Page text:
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Ch'orti'-Maya Survival in Eastern Guatemala: Indigeneity in Transition Libro EPUB, PDF

Descarga gratuita de un audiolibro en inglés Ch'orti'-Maya Survival in Eastern Guatemala: Indigeneity in Transition A pesar del avance en la concienciación de la ciudadanía con respecto al medio ambiente, es imprescindibleseguir en la brecha para modificar las actitudes de las personas. En este sentido, la escuela tiene también laoportunidad de contribuir a esta concienciación ciudadana. En las páginas de este libro el lector encontraráreflexiones y propuestas interesantes y novedosas (para infantil, primaria y secundaria), que demuestran quees posible e imprescindible trabajar en y desde la escuela por un desarrollo sostenible de la Tierra.

Ch'orti'-Maya Survival in Eastern Guatemala: Indigeneity in Transition 978-0826338808 FB2 iBook EPUB
  • Libro de calificación:
    4.56 de 5 (609 votos)
  • Título Original: Ch'orti'-Maya Survival in Eastern Guatemala: Indigeneity in Transition
  • Autor del libro: Brent E. Metz
  • ISBN: 978-0826338808
  • Idioma: ES
  • Páginas recuento:346
  • Realese fecha:2005-07-04
  • Descargar Formatos: EPUB, PGD, AZW, MOBI, PDF, TXT, MS WORD, FB2
  • Tamaño de Archivo: 14.56 Mb
  • Descargar: 3609
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Ch'orti'-Maya Survival in Eastern Guatemala: Indigeneity in Transition por Brent E. Metz Libro PDF, EPUB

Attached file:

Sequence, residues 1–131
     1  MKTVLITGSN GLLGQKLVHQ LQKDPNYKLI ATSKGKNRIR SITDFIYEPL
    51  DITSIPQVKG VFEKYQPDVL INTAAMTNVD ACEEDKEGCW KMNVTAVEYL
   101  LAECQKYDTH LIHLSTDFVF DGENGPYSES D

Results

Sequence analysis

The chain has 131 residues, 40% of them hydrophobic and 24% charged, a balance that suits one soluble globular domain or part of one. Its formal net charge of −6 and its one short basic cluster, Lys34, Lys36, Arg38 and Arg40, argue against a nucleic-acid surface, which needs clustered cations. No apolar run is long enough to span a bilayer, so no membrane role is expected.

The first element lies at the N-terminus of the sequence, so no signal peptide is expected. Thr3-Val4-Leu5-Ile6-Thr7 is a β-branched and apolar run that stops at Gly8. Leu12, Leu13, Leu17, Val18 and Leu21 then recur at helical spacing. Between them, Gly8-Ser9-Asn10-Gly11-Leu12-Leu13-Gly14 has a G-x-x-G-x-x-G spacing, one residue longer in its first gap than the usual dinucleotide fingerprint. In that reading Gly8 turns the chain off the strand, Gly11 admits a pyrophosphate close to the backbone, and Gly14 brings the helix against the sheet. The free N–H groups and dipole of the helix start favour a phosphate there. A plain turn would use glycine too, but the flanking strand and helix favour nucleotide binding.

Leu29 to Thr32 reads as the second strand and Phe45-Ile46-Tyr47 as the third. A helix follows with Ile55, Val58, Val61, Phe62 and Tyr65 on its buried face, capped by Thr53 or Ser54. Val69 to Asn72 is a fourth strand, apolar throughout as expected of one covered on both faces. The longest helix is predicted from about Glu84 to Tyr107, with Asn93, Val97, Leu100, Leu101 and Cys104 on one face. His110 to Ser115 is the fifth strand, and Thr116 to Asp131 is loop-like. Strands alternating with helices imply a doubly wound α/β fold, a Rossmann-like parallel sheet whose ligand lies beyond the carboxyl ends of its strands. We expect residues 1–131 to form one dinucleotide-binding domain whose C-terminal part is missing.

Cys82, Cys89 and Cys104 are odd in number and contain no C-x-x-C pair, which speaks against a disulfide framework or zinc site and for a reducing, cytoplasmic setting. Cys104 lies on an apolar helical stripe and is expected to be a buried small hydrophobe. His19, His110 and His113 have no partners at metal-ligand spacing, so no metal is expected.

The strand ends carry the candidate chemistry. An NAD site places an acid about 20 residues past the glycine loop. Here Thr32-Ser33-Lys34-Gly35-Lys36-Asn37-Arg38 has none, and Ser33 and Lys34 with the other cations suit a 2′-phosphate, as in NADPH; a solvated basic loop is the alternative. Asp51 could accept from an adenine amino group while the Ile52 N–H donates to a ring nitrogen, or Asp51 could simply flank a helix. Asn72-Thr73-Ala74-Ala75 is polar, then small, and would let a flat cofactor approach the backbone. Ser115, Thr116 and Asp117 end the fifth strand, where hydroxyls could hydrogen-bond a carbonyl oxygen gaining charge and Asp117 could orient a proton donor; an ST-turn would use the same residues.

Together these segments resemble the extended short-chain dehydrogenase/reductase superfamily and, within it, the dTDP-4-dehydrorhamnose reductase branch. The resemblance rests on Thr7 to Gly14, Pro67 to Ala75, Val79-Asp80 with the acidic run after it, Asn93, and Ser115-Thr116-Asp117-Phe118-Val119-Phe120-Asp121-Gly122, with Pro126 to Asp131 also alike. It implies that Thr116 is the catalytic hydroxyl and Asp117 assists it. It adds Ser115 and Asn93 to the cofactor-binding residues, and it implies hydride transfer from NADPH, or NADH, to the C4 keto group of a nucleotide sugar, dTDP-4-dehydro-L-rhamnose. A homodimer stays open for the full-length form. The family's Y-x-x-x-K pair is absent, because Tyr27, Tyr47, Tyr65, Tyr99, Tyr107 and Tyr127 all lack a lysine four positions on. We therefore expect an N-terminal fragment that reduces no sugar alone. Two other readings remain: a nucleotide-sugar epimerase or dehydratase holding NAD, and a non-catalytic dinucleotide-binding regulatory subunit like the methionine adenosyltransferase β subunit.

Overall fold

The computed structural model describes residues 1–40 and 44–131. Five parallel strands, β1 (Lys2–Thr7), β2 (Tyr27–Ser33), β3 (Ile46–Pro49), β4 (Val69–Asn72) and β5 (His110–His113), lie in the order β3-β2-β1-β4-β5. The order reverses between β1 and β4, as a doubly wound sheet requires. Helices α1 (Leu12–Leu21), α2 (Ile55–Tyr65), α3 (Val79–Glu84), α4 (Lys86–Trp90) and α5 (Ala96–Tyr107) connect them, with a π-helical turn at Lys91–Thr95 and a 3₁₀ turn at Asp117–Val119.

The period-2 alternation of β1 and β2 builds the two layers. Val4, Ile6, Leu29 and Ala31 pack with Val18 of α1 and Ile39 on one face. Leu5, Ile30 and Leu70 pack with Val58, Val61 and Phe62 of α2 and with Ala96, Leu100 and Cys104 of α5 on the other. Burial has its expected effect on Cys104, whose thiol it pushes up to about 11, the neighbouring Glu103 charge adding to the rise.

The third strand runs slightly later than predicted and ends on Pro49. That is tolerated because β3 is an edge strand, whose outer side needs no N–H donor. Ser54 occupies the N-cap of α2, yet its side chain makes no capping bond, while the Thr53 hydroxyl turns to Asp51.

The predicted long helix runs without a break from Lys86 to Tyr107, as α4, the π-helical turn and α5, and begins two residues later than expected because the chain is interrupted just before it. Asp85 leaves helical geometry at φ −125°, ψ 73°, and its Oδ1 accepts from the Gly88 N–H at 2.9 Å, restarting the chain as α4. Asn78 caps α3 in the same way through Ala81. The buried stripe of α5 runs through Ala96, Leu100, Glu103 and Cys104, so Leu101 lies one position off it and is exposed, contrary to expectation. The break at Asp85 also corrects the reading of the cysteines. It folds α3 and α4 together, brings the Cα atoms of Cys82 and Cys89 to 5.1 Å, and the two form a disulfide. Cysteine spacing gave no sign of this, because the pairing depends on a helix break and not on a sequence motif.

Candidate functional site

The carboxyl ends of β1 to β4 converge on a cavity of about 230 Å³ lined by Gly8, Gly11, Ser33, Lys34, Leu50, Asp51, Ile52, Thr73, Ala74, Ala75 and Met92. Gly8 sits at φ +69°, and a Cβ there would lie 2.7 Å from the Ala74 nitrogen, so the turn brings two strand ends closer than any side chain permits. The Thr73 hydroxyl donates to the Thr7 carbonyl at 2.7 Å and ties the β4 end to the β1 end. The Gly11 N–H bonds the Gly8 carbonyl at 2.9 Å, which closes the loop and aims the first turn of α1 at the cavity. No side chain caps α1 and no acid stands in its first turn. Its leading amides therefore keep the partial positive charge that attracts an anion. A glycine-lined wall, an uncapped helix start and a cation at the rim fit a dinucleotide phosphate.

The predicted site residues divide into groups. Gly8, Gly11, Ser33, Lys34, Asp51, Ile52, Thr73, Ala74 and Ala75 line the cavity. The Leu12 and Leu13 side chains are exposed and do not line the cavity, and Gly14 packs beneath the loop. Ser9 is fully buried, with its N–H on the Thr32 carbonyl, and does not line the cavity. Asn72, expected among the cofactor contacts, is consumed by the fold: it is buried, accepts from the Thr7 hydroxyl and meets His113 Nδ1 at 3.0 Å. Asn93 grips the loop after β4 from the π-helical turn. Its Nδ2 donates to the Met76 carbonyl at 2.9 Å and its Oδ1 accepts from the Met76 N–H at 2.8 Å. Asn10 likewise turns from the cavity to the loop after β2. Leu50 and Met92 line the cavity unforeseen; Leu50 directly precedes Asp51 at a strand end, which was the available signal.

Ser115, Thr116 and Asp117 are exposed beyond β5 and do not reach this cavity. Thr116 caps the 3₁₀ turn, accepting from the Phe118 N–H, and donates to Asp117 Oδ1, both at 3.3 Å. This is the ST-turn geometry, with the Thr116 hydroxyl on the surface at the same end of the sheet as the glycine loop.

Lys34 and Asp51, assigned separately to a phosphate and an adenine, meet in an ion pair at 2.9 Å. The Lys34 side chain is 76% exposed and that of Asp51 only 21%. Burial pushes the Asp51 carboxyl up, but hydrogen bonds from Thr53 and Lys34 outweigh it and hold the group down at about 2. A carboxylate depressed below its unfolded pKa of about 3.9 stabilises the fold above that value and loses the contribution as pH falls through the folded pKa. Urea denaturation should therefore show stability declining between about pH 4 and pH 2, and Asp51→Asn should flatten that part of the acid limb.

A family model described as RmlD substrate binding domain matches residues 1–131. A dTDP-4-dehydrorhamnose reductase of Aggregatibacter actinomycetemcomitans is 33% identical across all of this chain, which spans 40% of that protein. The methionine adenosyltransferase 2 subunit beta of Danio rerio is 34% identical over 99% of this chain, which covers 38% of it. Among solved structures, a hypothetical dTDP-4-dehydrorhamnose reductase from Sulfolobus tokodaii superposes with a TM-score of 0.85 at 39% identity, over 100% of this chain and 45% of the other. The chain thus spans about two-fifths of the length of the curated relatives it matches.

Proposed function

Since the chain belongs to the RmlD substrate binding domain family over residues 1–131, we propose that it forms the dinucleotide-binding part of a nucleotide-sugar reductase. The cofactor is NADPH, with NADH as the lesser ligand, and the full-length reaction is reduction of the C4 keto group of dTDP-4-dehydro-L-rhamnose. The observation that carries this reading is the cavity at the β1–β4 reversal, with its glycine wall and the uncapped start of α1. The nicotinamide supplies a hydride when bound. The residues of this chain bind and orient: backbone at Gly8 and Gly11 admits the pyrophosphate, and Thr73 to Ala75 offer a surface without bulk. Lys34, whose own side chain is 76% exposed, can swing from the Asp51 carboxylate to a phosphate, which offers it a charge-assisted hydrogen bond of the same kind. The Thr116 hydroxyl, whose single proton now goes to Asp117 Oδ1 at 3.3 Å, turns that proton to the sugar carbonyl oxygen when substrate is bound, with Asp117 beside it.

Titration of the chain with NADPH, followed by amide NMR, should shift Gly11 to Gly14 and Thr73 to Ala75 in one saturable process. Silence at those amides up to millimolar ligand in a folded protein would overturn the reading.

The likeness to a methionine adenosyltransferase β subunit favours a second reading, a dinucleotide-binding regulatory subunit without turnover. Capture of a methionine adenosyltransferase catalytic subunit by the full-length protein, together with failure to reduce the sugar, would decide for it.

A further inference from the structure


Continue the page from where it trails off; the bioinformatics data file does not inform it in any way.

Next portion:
Scholars and Guatemalans have characterized eastern Guatemala as "Ladino" or non-Indian. The Ch'orti' do not exhibit the obvious indigenous markers found among the Mayas of western Guatemala, Chiapas, and the Yucatan Peninsula of Mexico. Few still speak Ch'orti', most no longer wear distinctive dress, and most community organizations have long been abandoned. During the co Scholars and Guatemalans have characterized eastern Guatemala as "Ladino" or non-Indian. The Ch'orti' do not exhibit the obvious indigenous markers found among the Mayas of western Guatemala, Chiapas, and the Yucatan Peninsula of Mexico. Few still speak Ch'orti', most no longer wear distinctive dress, and most community organizations have long been abandoned. During the colonial period, the Ch'orti' region was adjacent to relatively vibrant economic regions of Central America that included major trade routes, mines, and dye plantations. In the twentieth century Ch'orti's directly experienced U.S.-backed dictatorships, a 36-year civil war from start to finish, and Christian evangelization campaigns, all while their population has increased exponentially. These have had tremendous impacts on Ch'orti' identities and cultures. From 1991 to 1993, Brent Metz lived in three Ch'orti' Maya-speaking communities, learning the language, conducting household surveys, and interviewing informants. He found Ch'orti's to be ashamed of their indigeneity, and he was fortunate to be present and involved when many Ch'orti's joined the Maya Movement. He has continued to expand his ethnographic research of the Ch'orti' annually ever since and has witnessed how Ch'orti's are reformulating their history and identity. ABOUT THE CONTRIBUTORS Brent E. Metz is assistant professor of anthropology at the University of Kansas. ACCLAIM "Metz has written an enormously important and essential book on a dwindling Maya culture; this book will be indispensable for years to come". - Hispanic American Historical Review "This is an important contribution to Mesoamerican ehthnographic scholarship and provides an engaged and engaging account of the lives of the Ch'orti'-Maya...Metz's writing...vividly captures the personal and professional complexities of working in and writing about Guatemala in [this] period...a fluidly written ethnographic analysis..". - The Americas "[Metz's] book is valuable reading for anyone working with rural populations in Mesoamerica..". - Journal of Anthropological Research"